Just a few kilometres from the town of Galle is Unawatuna, popular for its corals, rich biodiversity and colonial landmarks. At the southern edge of Sri Lanka lies Mirissa, a laid-back beachside village, more popular for being one of the best spots to go whale and dolphin watching.

Surfer in Mirissa Beach
Mirissa, a laid-back beachside village, more popular for being one of the best spots to go whale and dolphin watching.

A relatively less-frequented beach destination is Weligama Bay. Situated at the southern tip of Sri Lanka, Weligama Bay is considered by many to be the best location to spot blue whales — the largest animal in the world. From November to April, blue whales are relatively easier to spot, giving us mere humans a chance to witness the gigantic inhabitants of the ocean. There are several tours that take visitors out to sea and some even take you underwater to get a better look.

Blue Whale in Weligama Bay
Weligama Bay is considered by many to be the best location to spot blue whales — the largest animal in the world.

Western Beaches - corals, sperm whales and golden beaches

Sri Lanka’s largest coral reef, all of 307 km2 wide, is situated off Kalpitiya in the north-western district of Puttalam. Needless to say, this makes it one of the best scuba diving and snorkelling destinations in the country. Kalpitiya is comprised of 14 off-shore islands, and visitors to this coastal village will see vast saltpans and mangroves swamps aside from the sand dune beaches. A major fishing village, don’t be surprised to see a few fisherman standing on wooden stilts in the sea trying to catch fish. The fishermen of Kalpitiya have mastered the art of stilt fishing, and although the trade is on professionally on the decline, tourism has made stilt fishing a photo op for passersby. None the less, stilt fishing makes for quite a viewing when lying on the beaches here.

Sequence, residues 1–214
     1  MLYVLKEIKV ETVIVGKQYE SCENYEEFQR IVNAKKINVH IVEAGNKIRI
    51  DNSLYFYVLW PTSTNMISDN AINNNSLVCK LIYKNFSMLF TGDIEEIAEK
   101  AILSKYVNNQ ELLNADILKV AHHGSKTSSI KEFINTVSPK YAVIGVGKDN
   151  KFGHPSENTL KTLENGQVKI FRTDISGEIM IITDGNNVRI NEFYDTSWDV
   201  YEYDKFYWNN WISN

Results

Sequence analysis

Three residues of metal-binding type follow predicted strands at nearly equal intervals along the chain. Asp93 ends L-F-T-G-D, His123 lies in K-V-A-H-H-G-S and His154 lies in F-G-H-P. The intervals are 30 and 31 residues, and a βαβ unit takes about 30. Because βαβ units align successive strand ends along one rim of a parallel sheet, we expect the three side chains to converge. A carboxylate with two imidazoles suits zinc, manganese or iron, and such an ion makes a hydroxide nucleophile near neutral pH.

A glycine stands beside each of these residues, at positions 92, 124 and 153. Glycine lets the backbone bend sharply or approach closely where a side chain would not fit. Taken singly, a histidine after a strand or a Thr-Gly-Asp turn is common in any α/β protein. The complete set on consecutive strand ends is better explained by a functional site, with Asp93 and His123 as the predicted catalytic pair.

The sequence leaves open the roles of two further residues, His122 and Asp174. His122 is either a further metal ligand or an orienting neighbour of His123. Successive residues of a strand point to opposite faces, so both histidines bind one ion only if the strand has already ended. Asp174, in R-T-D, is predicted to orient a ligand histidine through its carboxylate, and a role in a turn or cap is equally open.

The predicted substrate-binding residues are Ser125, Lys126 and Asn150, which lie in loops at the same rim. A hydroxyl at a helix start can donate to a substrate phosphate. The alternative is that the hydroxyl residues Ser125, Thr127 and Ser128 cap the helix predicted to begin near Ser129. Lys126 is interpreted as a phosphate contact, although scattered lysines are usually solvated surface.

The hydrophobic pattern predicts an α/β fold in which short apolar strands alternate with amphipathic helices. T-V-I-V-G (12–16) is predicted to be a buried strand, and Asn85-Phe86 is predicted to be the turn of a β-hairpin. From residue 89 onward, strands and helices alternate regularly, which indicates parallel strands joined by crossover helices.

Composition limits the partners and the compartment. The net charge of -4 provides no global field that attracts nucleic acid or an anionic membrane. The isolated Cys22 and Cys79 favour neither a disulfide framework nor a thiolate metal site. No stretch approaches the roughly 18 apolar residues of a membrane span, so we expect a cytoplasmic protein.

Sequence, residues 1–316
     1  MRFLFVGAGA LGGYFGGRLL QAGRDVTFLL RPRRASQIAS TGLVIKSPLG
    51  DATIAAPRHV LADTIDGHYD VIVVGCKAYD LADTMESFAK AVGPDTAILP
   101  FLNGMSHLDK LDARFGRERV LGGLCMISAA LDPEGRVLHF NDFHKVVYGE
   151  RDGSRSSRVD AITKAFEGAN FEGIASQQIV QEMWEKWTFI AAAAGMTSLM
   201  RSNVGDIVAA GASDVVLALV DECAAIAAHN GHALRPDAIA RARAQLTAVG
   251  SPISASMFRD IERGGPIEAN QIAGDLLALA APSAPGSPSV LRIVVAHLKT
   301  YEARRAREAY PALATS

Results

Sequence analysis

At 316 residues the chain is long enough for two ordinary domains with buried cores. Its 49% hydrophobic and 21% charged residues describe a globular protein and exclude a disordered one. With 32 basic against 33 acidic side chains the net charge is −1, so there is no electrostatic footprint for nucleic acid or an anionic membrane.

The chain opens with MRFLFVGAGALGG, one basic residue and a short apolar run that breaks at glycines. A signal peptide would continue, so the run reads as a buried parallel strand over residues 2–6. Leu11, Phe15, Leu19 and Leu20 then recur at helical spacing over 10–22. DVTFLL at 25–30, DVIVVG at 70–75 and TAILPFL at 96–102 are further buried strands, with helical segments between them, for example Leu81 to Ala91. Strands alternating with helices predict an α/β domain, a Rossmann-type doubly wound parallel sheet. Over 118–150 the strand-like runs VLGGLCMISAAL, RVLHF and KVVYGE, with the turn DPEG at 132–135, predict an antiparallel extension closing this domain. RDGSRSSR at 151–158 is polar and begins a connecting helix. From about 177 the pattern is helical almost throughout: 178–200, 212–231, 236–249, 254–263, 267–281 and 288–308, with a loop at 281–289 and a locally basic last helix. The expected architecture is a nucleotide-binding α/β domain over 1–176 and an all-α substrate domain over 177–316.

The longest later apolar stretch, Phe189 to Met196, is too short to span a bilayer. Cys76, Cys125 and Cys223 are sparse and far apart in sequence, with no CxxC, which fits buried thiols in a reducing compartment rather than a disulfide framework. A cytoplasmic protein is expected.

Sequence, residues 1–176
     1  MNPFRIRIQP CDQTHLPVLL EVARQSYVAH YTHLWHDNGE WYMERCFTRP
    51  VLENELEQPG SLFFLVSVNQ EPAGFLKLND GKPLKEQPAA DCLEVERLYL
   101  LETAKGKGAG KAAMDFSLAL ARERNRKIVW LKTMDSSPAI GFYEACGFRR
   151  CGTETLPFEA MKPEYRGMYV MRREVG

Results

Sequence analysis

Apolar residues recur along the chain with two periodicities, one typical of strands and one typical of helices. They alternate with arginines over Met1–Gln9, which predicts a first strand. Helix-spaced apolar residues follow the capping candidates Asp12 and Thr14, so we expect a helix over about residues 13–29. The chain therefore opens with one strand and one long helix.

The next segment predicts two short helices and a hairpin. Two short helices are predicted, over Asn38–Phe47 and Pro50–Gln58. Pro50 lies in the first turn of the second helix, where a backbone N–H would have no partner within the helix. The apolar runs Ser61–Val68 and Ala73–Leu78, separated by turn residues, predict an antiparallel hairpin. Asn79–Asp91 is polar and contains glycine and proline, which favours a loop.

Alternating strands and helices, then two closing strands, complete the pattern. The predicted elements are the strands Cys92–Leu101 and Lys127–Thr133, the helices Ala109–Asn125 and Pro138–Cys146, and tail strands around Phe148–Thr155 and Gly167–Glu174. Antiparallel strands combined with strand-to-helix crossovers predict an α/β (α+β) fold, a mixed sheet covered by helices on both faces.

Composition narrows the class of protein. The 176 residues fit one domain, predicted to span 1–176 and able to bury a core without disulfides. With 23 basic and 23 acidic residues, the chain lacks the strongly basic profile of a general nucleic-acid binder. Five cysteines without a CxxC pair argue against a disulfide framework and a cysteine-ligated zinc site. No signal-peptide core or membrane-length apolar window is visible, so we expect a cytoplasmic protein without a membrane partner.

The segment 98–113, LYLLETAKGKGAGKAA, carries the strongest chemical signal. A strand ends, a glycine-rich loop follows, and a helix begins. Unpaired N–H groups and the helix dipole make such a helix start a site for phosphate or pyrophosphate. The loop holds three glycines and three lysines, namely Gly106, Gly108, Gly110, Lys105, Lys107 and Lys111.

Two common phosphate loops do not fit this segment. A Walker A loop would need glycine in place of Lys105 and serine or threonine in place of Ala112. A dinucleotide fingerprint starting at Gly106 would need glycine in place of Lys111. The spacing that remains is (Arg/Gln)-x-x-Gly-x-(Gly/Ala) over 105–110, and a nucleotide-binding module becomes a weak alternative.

Depending on the season, sperm whales gather in pods of 20-30 and if you are lucky, you may even spot a giant blue whale or two. Otherwise, there are plenty of dolphins to be spotted all year round.

Fishermen of Kalpitiya stilt fishing
The fishermen of Kalpitiya have mastered the art of stilt fishing.

The large resort hotels are mostly located in Negombo, Kalutara, Beruwala and Bentota, and is the main engine of the island’s consistent package-tourist industry. Negombo beach is the closest beach from Bandaranaike International Airport. Referred to as the “Golden Mile” for its long, golden sand pristine beach, Beruwala beach is the first major resort locality in the south western coastal belt. Both Kalutara and Beruwala beaches are also good spots to witness stilt fishing, which is on display by a few fishermen here.

The Bentota National Holiday Resort Complex is strip of land off Galle Road that is home to a range of luxury hotels and shopping arcades. If you are an aspiring diver seeking PADI certification, Bentota beach is also a good place to come as many of Sri Lanka’s best diving schools are situated here.

More relaxation on offer

When you are not lazing on the beach getting tanned or just taking in the warm waters, visitors to Sri Lanka’s beaches can enjoy the many other facilities that are now commonplace throughout the above destinations. Many beach resorts offer Ayurveda treatments, the centuries old holistic practice of body healing. These include warm oil massages and soothing therapeutic body cleansing treatments.

And when you are done with all that, there’s the amazing seafood and local cuisine to try. Do not miss the chance to sample dishes like the Sri Lankan Chilli Crab, or the spicy Crab Curry that tastes great with Hoppers (a pancake-style bread made using rice batter). If you wish to sample some local alcohol, ask for ‘toddy,’ a spirit created from the sap of palm tree or coconut trees. It’s highly refreshing! For something non-alcoholic, you can’t visit Sri Lanka and not try wood apple juice. We highly recommend this fruit drink.

The beaches of Sri Lanka have at least one or two things that set them apart from each other. Some are more commercialised than the others, but it’s only a matter of time before the present “undiscovered” gems of Sri Lanka’s coastline make the pages of your favourite guide books.

So it seems like there’s a lot to explore in Sri Lanka, doesn’t it? Check out our various Sri Lanka tour packages and get ready to pack your bags for some sea and sunshine!

Related Posts

    Related Tours